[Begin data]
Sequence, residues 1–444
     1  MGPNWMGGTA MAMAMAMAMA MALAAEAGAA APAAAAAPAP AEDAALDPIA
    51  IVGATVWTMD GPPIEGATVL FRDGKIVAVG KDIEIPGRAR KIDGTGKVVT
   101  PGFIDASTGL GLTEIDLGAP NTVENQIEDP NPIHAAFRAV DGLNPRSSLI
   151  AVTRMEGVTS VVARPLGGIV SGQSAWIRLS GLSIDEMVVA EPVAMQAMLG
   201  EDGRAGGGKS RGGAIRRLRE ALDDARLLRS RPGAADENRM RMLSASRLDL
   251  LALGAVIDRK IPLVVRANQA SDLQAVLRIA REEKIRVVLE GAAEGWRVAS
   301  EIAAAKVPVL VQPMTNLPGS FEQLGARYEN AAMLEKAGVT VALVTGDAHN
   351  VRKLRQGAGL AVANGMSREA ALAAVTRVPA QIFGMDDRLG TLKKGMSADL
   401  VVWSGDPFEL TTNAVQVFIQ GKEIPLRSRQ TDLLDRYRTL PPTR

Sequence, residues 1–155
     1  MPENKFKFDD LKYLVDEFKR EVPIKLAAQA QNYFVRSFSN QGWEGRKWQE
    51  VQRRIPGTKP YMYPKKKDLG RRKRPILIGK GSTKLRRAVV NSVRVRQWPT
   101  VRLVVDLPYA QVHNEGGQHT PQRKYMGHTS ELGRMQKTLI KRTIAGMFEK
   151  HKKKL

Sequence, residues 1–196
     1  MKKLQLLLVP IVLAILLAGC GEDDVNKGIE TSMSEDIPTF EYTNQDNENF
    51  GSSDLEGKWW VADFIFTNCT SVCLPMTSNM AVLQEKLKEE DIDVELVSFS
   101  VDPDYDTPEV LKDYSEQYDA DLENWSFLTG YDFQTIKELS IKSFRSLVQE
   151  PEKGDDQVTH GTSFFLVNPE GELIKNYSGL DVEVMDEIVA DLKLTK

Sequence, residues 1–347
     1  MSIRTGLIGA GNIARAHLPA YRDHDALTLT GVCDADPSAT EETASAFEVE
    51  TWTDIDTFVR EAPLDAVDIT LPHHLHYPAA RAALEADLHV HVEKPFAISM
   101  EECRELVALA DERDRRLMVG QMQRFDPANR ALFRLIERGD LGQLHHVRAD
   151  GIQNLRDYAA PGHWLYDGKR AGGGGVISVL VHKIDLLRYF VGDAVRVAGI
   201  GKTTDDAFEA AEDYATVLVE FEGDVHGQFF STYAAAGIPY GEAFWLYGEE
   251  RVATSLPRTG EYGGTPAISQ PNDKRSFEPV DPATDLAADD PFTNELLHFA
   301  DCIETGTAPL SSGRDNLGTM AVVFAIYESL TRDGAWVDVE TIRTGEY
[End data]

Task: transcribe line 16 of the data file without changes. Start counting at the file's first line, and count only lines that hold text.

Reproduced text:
Sequence, residues 1–196